Tom Hoffman over at the Ed-Tech Insider rightly brings up a criticism of the Education Map of the Decade developed by the Knowledge Works Foundation. He points to my comment that I made regarding how the use of visual maps tends to make holes more obvious than text-based narrative and then he kind of proves the point by highlighting the glaring omission of open source software from any locale on the map.
#1 Tom is dead-on. No map of the educational vista for the next decade can be considered fully credible without acknowledging a place for open source software especially given the potential downstream effects of the Blackboard patent action. Oh yeah...intellectual property battles and knuckleheaded copyright laws should be on there somewhere as well.
#2 Tom's site needs to calm down on the registration process. I'm with you about the open source stuff but I'm also not about to give the Ed-Tech Insider my life history for the privilege of leaving a comment on your site.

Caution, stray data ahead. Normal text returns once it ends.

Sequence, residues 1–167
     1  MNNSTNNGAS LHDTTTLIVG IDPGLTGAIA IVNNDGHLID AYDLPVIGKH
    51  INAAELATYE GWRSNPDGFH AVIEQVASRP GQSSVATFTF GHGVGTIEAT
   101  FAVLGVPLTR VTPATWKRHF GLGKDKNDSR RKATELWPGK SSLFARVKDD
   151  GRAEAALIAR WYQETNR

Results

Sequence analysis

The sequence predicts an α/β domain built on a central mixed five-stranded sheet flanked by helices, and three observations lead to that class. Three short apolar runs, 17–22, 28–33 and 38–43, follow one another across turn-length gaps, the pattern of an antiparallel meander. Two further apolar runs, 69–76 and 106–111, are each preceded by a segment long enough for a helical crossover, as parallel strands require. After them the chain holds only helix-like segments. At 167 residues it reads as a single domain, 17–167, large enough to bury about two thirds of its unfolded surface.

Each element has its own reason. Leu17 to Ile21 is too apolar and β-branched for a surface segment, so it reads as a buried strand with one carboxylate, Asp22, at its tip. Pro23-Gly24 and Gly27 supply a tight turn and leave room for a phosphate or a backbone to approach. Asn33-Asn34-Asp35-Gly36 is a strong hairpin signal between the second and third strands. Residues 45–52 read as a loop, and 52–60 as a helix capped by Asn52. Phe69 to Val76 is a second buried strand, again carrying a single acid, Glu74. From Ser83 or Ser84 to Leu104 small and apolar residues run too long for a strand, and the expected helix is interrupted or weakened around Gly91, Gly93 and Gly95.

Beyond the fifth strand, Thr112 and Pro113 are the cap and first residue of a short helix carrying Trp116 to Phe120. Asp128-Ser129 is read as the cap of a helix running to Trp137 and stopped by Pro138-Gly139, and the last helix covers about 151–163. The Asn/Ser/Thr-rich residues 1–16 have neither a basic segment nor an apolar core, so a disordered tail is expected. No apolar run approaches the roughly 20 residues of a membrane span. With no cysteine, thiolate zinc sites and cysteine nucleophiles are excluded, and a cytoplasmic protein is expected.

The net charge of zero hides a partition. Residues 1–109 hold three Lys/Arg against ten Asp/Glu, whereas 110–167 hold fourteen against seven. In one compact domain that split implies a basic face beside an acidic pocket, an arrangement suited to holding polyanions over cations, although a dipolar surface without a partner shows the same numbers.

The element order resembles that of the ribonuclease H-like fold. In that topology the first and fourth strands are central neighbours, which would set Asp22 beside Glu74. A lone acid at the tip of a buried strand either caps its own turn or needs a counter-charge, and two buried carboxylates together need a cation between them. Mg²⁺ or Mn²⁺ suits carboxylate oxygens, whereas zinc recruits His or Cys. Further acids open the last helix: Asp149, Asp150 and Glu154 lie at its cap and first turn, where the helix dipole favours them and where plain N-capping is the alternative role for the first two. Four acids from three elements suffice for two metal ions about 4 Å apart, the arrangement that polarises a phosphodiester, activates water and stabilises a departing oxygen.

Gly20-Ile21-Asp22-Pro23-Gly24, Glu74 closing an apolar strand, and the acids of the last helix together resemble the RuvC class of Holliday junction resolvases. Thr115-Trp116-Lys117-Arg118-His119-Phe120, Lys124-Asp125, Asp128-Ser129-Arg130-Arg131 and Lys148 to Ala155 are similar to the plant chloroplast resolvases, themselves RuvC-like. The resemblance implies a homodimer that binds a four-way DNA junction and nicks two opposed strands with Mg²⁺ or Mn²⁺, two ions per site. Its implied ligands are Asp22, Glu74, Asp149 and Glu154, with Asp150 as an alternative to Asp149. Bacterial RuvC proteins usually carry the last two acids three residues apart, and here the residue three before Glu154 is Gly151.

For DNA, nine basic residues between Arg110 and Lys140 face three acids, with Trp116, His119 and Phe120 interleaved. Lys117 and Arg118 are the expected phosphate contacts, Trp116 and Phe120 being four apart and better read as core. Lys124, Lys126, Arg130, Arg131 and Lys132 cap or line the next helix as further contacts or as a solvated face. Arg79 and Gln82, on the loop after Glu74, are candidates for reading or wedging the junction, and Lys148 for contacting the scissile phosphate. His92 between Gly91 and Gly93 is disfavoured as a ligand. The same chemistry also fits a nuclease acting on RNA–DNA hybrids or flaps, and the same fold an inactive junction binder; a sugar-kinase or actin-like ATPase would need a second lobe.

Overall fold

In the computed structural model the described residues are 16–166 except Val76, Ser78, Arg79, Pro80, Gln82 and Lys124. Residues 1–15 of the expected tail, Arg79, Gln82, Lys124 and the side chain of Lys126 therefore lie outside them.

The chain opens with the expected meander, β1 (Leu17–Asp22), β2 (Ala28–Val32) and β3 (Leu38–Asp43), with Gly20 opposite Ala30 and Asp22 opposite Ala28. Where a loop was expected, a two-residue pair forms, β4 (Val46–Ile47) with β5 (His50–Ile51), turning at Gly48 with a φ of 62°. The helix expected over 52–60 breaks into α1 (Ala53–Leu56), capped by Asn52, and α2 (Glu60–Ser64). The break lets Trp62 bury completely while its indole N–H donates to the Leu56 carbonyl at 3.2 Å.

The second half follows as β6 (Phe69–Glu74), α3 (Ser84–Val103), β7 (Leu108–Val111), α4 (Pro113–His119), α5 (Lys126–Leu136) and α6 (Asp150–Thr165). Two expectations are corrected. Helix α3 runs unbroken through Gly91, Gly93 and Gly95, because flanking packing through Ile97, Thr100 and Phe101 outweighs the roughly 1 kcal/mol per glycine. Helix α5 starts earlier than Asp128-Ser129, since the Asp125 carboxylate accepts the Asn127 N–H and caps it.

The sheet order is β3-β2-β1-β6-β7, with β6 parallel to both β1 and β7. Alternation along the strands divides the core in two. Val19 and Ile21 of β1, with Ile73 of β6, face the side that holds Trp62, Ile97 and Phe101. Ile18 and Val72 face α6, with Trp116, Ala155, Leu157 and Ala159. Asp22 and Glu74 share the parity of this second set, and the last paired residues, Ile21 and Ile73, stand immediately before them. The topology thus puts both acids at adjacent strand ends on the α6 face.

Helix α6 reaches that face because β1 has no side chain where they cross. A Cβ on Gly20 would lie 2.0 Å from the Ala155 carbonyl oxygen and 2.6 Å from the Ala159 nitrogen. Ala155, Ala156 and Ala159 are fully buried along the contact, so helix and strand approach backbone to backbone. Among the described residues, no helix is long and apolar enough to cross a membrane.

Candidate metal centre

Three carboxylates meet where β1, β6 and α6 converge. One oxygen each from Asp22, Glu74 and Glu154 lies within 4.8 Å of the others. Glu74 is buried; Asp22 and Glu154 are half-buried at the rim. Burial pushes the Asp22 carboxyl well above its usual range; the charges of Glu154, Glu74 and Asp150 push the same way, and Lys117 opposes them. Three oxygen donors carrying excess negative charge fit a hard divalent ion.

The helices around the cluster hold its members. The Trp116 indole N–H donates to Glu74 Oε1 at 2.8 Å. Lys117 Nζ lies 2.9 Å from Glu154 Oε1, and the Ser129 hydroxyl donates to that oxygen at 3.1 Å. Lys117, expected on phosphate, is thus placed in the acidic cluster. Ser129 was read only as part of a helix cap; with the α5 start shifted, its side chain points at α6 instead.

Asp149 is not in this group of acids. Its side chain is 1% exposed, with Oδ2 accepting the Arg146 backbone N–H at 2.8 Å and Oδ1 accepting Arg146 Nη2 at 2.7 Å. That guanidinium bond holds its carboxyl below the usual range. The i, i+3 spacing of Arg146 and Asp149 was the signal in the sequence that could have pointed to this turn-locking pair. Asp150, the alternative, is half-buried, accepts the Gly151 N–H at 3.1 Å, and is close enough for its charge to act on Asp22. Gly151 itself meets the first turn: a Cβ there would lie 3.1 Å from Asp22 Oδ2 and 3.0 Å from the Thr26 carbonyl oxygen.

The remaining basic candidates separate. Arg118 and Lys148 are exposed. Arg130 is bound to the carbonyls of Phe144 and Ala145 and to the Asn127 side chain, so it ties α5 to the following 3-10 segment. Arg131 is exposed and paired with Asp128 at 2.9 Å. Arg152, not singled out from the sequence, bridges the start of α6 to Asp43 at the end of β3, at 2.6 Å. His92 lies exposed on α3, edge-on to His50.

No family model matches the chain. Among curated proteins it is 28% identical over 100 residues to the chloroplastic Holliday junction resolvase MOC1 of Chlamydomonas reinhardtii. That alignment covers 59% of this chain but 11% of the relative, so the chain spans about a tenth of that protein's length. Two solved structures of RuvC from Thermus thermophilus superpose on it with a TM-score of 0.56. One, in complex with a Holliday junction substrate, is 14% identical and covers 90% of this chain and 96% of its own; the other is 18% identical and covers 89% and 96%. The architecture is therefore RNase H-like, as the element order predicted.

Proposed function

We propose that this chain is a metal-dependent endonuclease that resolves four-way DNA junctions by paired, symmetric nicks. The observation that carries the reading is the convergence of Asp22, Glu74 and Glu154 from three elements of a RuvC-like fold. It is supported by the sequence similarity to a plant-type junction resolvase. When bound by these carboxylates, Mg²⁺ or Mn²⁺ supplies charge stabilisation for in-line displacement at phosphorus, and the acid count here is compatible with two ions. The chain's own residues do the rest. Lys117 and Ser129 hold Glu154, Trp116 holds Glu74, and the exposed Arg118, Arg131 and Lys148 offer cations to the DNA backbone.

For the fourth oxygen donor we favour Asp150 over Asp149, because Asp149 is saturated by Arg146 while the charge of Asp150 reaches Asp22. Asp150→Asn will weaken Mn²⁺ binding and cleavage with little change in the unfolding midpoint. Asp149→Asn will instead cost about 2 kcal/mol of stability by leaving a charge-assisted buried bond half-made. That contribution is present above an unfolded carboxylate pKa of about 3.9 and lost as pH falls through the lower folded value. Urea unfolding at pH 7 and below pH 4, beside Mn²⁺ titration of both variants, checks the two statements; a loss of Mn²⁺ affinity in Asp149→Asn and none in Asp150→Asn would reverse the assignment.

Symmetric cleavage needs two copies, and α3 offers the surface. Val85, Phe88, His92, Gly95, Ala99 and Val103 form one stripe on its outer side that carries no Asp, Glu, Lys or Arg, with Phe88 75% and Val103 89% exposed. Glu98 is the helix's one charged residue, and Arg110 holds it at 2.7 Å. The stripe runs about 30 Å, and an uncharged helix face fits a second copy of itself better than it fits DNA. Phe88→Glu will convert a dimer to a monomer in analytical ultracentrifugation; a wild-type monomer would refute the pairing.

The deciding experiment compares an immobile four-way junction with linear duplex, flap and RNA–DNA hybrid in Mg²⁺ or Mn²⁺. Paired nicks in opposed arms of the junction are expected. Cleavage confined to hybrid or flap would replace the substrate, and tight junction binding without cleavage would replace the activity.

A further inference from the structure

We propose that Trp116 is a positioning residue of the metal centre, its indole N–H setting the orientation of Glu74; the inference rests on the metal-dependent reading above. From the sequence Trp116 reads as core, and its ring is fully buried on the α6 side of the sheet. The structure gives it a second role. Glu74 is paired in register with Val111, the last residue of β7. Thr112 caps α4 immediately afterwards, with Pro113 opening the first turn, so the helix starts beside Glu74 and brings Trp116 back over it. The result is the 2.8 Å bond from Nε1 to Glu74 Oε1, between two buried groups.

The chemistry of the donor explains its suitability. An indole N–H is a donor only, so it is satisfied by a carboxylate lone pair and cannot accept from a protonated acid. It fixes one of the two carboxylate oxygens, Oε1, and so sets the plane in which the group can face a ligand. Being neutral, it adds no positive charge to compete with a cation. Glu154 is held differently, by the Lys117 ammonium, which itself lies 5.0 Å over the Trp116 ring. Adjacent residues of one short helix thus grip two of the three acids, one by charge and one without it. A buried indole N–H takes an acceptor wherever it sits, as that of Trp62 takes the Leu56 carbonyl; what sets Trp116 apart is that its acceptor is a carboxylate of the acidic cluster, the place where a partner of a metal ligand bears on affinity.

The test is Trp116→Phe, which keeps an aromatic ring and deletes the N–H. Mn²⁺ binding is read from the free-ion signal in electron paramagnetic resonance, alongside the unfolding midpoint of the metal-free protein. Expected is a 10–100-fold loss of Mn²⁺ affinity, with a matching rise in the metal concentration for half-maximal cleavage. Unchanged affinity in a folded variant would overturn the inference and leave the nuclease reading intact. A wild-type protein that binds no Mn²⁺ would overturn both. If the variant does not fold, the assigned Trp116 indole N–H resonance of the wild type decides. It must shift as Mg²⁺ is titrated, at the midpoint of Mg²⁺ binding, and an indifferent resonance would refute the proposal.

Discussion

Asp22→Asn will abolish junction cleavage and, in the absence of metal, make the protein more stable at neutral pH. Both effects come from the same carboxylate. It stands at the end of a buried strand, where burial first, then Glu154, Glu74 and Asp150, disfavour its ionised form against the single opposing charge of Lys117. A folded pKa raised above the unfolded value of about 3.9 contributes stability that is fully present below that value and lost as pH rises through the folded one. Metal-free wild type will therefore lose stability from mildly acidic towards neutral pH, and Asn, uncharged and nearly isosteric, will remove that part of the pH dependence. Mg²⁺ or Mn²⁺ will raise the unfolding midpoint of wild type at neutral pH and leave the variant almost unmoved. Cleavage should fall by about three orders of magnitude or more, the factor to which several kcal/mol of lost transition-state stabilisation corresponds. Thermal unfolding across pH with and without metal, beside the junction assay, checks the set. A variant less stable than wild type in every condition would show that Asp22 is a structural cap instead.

#3 Stephen's critique is also dead on about the map and its relation to copyright. Why not use a Creative Commons license? I think it is highly ironic that the map itself gives you guidelines (foresight,insight,action) that are intended to help people "pull threads from the future into the present in meaningful and actionable ways." Right. As long as you do it with the physical copy of the map and don't do anything digital that would help foster an interaction of the kind the map professes to want to encourage. What if the map were posted to flickr as an image and the authors allowed visitors to highlight and comment on sections. That would be useful.